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Monday, May 21, 2007

The Madonna of Mercy

Piero della Francesca (1416/17-1492)
Polyptych of the Misericordia. 1445-62.
Mixed technique on panel. 273 x 330 cm.
Pinacoteca Comunale, Sansepolcro, Italy


Piero della Francesca (1416/17-1492)
Madonna of Mercy. Main panel of the Polyptych of the Misericordia. 1445-1462.
Mixed technique on panel. 134 x 91 cm.
Pinacoteca Comunale, Sansepolcro, Italy.


The Madonna of Misericord (Madonna of Mercy) is a devotional image expressing her votaries' faith in her as intercessor. A typical example of Madonna of Misericord is a scene where her votaries or commissioners are crowding beneath her outspread mantle.

The Misericordia Polyptych was commissioned in 1445. The contract called for it to be completed in 3 years. It took about 15 -20 years.

It stood in the Church of the Compagnia di Santa Maria della Misericordia, a group of pious laymen who performed works of charity in the town of Sansepolcro.

The centre of the work is the Madonna of Mercy (Misericordia). Her open mantle calls to mind the arch of the central panel. The great mantle open like a church apse, or as it has been described a "Bramantesque niche".

The Madonna is monumental and immobile. She opens her cloak to shelter the fervent faithful who, on their knees, pray for her mercy through their prayers.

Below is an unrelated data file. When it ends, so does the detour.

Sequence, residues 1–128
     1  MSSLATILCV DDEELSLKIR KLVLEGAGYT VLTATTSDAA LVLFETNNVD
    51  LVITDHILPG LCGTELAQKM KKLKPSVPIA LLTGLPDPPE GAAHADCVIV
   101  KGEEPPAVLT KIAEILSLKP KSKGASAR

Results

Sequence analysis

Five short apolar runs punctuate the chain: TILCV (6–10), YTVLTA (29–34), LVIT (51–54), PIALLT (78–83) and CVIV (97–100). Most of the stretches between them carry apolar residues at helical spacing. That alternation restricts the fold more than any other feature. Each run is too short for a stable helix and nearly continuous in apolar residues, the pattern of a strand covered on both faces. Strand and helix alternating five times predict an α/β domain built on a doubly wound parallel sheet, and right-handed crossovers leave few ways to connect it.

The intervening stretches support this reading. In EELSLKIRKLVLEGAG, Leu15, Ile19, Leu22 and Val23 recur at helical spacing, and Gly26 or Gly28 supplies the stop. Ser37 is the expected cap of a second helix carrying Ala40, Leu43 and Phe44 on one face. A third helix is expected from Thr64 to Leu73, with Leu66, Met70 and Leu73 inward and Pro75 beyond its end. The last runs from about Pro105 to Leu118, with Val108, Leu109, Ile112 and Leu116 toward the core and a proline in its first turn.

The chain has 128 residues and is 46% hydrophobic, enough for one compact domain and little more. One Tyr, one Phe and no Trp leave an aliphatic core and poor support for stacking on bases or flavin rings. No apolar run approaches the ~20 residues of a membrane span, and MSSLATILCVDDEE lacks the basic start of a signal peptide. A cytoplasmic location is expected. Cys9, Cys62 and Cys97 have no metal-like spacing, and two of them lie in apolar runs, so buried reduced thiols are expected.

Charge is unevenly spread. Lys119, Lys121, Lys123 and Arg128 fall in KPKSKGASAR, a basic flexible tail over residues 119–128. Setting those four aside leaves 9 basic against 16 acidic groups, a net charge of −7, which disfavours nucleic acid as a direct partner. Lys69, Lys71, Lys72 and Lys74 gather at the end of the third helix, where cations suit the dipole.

Of the Madonna's face, Sir Kenneth Clark has written: "Piero's subtleties of tone reveal a shape remarkably like that of the finest Congo masks in the balance of convex and concave." This he qualifies however: "this head is in no way a mask. We never doubt that its formal consistency will continue all round, and it is a shock to realise that we shall never see the back."

The Virgin Mary embraces everybody: Piero himself in the most intimate part under the mantle, the unknown brother of the Compagnia, the rich man, the powerful man.

This group of figures balances perfectly the female group on the other side of the Virgin: the 15th century lady, the lower class woman, the old and the young.

About 1635 the frame, probably designed by Piero himself, was destroyed and replaced with an intricated baroque dorsal.

With the Napoleonic suppression of religious organisations at the beginning of the 19th century, the painting was split up and transferred to the church of S. Rocco.

In 1892, for the 4th centennial of Piero's death, the polypytch was exposed in the Museo Civico and was badly reconstructed putting the tables near to each other.

In 1901 it became the property of the Municipality.

In the Second World War, it was nearly destroyed as Sansepolcro was in the front line. In 1944, Anthony Clarke, the British officer in charge of the artillery, gave the order to temporarily cease fire. He had read a travel book by Aldous Huxley in which Huxley had described the Polyptych as the most beautiful painting he had ever seen. The next day the allies were able to take the town without firing a shot. Clarke then ensured the safety of the great work.

The present arrangement of the Polyptych dates from 1975. It is exposed in a special room.